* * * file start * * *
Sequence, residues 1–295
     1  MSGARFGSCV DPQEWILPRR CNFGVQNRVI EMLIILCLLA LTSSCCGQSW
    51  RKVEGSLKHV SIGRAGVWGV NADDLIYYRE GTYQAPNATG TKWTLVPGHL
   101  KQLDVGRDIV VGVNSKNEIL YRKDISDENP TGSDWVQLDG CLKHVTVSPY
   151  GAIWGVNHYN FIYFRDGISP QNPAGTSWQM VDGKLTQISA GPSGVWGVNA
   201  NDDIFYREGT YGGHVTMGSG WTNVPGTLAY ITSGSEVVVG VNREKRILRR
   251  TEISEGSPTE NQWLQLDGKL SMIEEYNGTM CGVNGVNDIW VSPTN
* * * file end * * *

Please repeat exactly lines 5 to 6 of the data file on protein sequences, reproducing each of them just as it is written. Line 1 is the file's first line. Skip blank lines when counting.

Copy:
   151  GAIWGVNHYN FIYFRDGISP QNPAGTSWQM VDGKLTQISA GPSGVWGVNA
   201  NDDIFYREGT YGGHVTMGSG WTNVPGTLAY ITSGSEVVVG VNREKRILRR